Do you ever hear yourself say something and immediately wish you could take it back? It’s like words are coming out of your mouth and you’re only seeing them for the first time and you think, “wait! I didn’t mean that!” It happened to me the other day.
A friend and I were on a small plane heading home from a week among grizzly bears in the northern interior of British Columbia and we were talking about the photographs we had made, particularly the ones we were really excited about, and how many frames it had taken us to get there, when I heard myself say it was an awfully high “failure fate.”
Failure rate? What a terrible way to think about making photographs.
I don’t even think this way, the words—common in some photography circles—just came out of my mouth, bypassing the more thoughtful part of me. I immediately took another pass at what I was trying to say: it took a lot more sketch images than usual to get to the images I was coming home with. But failure? Not a chance.
There are many reasons it might take you 1000 frames to make one photograph you love. It could be you need to shake the dust off a little, and during the pandemic I’ve not been making many photographs at all, so that could be part of it for me. It could be that you’re taking more risks, trying new things, adjusting to new gear. And it could be that what you’re photographing is very dynamic and requires a few more frames per second to give you a fighting chance at the very best fast-moving moments. All of these were true for me. And then there was this: I was just so excited to be out on the water, with my best friend and some beautiful bears, that I got a little punch drunk. I was, in other words, having a blast.
And I was learning. Many of my best photographs, and certainly the most magical moments, last month, happened in really high contrast light, and I was working out the best way to capture both the moments and the light with the gear I had. So in light of this, it feels like looking at my 11,000 frames made over 8 days of photograph in terms of failure rates, or even keeper rates, misses the point.
Learning, if we choose to do so from the shots that don’t do what we hoped they would, is never failure.
Taking risks with creativity and having a willingness to just see what happens when we try something new, those are not failures, either.
Nor is pressing the shutter because it brings you joy to be out there or because using the camera makes you feel more alive, more aware, and more part of the scene in which you’re immersed.
Failure rate? Keeper rate? That we even speak (and think) in these terms implies that a lower ratio is better than a higher ratio. It implies that as we grow in our craft we should see more successful images come from fewer attempts to get it right. I’ve not found this to be the case and I thought it might be encouraging for you to hear that the more I master this craft and explore my creativity, the fewer final images I get from the many, many sketch-frames that I make, and I see that as a good sign.
More sketch frames, which is what I call the images that on their own might not be viewed as a success but are needed to get me to the better photographs, means I’m taking risks. They mean I’m trying new things, and that usually means I’m learning. It also means I’m getting harder to satisfy. I’m less easily pleased, more demanding of myself, less willing to compromise. My increasing so-called failure rate means my tastes are getting more refined. I’m getting pickier.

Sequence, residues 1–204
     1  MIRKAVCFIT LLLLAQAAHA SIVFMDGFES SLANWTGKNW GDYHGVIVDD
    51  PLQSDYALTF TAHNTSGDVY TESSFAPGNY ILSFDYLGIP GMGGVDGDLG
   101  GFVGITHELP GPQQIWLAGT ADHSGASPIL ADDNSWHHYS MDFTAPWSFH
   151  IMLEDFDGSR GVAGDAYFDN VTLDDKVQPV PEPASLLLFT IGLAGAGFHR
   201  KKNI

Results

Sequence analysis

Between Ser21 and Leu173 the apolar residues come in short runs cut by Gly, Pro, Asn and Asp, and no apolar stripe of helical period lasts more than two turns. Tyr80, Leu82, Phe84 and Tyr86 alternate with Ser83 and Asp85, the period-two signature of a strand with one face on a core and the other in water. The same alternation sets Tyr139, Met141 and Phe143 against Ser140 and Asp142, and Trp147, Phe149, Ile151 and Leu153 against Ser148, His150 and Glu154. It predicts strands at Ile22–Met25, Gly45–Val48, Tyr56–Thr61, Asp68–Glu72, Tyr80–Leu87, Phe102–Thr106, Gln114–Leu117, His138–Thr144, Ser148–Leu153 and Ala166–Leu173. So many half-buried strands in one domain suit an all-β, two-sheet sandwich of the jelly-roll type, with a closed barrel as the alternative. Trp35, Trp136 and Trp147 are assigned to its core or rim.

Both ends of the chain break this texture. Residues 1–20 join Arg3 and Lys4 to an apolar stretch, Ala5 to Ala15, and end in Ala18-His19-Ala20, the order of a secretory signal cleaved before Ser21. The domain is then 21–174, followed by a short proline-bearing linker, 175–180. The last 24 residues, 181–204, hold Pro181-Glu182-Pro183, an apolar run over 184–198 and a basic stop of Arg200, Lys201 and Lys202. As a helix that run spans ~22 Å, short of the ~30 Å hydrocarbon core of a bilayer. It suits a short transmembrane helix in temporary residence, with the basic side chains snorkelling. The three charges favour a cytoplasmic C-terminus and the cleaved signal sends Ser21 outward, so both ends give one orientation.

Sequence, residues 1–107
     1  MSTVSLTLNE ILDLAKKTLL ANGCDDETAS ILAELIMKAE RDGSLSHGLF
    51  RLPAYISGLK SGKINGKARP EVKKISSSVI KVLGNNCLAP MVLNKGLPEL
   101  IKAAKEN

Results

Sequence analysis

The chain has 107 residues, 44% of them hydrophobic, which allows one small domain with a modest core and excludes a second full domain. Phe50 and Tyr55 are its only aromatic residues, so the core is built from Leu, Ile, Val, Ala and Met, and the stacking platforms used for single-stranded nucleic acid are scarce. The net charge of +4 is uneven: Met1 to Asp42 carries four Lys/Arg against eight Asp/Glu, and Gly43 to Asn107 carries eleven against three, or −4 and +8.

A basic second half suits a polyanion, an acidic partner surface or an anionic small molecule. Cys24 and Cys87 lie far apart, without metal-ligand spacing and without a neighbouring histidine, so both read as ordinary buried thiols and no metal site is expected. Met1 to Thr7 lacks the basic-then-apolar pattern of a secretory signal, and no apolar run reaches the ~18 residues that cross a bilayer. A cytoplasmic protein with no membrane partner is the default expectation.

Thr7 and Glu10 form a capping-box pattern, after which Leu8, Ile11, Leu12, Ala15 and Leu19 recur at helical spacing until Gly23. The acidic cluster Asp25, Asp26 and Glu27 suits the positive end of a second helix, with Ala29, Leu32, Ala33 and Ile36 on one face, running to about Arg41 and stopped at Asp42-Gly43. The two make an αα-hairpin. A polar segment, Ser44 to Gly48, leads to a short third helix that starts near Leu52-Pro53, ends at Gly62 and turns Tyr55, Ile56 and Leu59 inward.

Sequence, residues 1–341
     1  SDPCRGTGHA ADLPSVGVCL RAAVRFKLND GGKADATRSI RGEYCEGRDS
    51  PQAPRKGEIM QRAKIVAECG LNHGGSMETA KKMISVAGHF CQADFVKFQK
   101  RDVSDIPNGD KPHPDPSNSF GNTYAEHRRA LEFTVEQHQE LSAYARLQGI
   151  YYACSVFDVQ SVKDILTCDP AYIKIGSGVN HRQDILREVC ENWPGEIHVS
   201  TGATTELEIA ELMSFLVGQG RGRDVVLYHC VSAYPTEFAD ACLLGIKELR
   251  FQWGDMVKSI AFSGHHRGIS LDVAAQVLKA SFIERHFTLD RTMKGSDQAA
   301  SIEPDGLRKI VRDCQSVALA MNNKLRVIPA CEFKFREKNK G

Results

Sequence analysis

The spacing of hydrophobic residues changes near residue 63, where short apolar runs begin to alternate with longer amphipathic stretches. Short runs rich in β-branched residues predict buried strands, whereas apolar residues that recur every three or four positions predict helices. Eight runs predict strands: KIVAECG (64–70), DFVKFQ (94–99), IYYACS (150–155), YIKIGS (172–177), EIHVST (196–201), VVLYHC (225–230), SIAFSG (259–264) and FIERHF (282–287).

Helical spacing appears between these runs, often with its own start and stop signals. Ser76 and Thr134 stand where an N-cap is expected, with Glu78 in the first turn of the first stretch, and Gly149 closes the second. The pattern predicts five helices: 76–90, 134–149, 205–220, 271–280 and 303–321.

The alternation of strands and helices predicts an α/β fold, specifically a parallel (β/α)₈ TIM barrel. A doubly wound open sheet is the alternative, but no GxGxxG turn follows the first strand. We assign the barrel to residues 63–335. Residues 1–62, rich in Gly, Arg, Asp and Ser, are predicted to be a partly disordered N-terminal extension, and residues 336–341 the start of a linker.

These are all encouraging signs of growth in my craft, and I’m wondering if it’s the same for you and if perhaps a shift in how we think and speak of these things might give you just a little more creative freedom and leave us all a little more room for the joy we find in this craft.
As you read this I should be flying home from a week photographing polar bears in northern Manitoba. No doubt I’m coming home with a hard drive full of images – some better than others, but all of them important in some way. I can’t wait to share them with you. I haven’t had time to make a monograph of my recent work, but I’m hoping the polar bears and a lighter schedule over the next 2 weeks give me something to send you in the next Contact Sheet, which I’ll be sending on November 21. In the mean time, here are three of my favourite images from my time with the grizzly bears last month.
As always I welcome your questions and thoughts, even if you’re just dropping by to say hello. It’s so, so good to be back behind my cameras again. Thanks for being part of that.
For the Love of the Photograph,
PS – Want more like this? I send these articles out every two weeks to photographers around the world who want to improve their craft and explore their creativity and I’d love to include you. Tell me where to send it and I’ll send you a copy of my best-selling eBook Make Better Photographs, as well bi-weekly articles, first-glimpse monographs of my new work, and very occasional news of resources to help you keep moving forward in this craft we love.
“Each and every one of your emails inspire and motivate me to want to jump right out of my chair away from my computer and shoot for the love of it . Thank you David.” – Millie Brown